QUARANTINE TIMES: HAPPY CAMPER
Updated: Aug 6
" So recently, my wife and I purchased a small trailer at my childhood campground. Camping has been something I’ve been doing for the majority of my life, as I had been going to this specific campground since 1973, when I was twelve years old. It started with a tiny trailer, settled only thirty feet away from the Allegheny River, and it housed six of us. My father, my mother, my sister, my two brothers, and me were all packed into this tiny camper, but we made it work.
"When I was little, my siblings and I used to do so many different activities along the water to pass the time, since we did not have modern day technology at our fingertips. A lot of our time was spent in the river, since we would often swim, go canoeing and rafting, fish, or even go catch crayfish. Sometimes my dad would take my brothers and I up the nearby mountain when deer season rolled around to hunt, which was always a nice bonding experience. But one of my favorite things we used to do was light a fire every night. It’s something I still like to do now, as I’ll gather my family around the fire and cook hotdogs or s’mores over the open flame.
"The campground hasn’t changed too much over the years. It’s been passed from owner to owner but things still feel the way they used to when I was twelve. I’ve been bringing my daughter to the site since she was little, since my mother had our childhood trailer up there all throughout my life. Even now it still sits in the same spot, but has been passed down to my sister. After my wife and I retired, we decided we wanted to get a site up at the campground as well, since it isn’t too far from our house and I’ve been taking my wife and daughter camping since she was seven.
"We found out that the man with the site next to my sister’s trailer was looking to sell his camper, so we made him an offer. Mostly we were looking at the site, since it’s right next to my sister’s trailer and right in front of the Allegheny River. The trailer itself is in very rough condition, with many different parts and pieces needing fixed and cleaned. When the outbreak started, we used some of that time to head up to the campground and work on the trailer, since it is in a very rural area and we made sure to stay 6 feet apart. When we first started to clean, I had looked at my wife and with a small grimace said the obvious: 'This trailer doesn't look like it has been cleaned in ten years!' More like twenty, really.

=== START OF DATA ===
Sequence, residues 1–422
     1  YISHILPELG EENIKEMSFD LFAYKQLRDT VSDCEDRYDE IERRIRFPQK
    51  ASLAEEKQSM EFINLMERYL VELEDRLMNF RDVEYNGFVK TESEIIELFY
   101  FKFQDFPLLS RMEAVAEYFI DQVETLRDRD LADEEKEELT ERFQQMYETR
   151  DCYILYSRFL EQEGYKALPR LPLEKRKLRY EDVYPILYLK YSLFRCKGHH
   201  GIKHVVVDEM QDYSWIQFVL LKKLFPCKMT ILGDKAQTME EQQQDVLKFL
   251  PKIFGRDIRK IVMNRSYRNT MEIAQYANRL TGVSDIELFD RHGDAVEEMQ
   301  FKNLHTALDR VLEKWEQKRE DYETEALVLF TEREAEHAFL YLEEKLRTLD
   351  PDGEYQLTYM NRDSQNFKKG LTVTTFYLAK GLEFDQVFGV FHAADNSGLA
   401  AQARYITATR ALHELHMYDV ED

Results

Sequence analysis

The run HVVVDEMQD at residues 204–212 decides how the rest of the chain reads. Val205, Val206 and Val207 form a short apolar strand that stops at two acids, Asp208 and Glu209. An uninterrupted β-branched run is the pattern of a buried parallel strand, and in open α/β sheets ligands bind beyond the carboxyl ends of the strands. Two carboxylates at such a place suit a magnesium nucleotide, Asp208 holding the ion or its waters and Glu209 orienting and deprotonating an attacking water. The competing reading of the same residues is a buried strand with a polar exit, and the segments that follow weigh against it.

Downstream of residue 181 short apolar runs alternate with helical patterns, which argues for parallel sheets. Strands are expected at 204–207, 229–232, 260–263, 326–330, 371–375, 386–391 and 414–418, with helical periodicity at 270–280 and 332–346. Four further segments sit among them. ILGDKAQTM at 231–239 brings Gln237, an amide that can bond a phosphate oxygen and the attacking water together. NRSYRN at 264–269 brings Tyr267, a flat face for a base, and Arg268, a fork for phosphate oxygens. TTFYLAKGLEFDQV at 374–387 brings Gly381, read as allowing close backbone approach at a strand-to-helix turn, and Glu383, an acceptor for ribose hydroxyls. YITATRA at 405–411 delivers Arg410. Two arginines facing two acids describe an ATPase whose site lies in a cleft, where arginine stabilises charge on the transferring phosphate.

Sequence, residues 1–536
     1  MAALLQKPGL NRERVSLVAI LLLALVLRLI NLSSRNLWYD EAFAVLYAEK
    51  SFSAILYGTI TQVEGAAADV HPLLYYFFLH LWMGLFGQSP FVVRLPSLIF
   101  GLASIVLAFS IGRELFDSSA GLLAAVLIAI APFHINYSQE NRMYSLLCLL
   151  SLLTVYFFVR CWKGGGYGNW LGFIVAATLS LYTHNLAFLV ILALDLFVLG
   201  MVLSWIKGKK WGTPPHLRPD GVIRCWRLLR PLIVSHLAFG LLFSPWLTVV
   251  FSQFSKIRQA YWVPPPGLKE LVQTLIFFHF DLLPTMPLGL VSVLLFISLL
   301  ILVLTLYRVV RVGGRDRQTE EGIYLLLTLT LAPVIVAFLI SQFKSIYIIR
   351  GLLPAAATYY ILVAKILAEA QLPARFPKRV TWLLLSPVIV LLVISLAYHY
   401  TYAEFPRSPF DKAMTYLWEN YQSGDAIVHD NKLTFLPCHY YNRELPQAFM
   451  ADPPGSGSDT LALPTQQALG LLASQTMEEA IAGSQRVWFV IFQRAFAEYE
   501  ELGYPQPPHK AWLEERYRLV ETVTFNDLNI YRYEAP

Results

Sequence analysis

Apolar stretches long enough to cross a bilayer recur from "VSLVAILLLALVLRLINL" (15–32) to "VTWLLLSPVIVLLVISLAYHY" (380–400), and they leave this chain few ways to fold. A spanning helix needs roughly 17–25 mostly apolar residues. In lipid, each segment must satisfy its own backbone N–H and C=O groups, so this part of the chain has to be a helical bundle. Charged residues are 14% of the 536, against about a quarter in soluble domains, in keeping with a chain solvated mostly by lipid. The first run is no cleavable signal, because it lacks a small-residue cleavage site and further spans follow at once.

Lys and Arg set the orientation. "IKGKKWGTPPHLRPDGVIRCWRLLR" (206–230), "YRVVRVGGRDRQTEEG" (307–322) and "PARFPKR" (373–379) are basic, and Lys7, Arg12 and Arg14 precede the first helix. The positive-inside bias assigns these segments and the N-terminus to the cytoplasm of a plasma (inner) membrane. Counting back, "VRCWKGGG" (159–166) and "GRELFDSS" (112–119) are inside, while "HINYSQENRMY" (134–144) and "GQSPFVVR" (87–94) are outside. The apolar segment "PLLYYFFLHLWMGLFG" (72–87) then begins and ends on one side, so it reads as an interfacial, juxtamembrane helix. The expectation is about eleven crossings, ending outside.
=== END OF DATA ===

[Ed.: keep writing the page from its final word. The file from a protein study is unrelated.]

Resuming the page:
"The inside of the trailer was very gross, with dirt and grime covering the carpets, leaks in the ceiling causing mold on the floorboards, and dead bugs near the heat vents and windows. It is very rough inside of the trailer, but my wife and I are determined to redo the inside and make it our own. Since the pandemic has heightened, the Governor shut down the campgrounds, so we can no longer go and work on it during the pandemic physically. But, my wife and I are working together to plan things out and gather the supplies we need to fix things up once the pandemic has calmed down.
"So, we have been gathering together clothes to reupholster the couches and chairs, paint to redo the inside walls, ceilings, and the outside of the trailer, as well as gather together wood and supplies to create a deck for the outside.
"Now, all I need to do is get my lazy daughter up off her butt once her schooling is over to help us with our work."
~~ Mr & Mrs. Hale, Interviewed by their daughter Emily Hale (Class of '22, Environmental Science & Sustainability Major)
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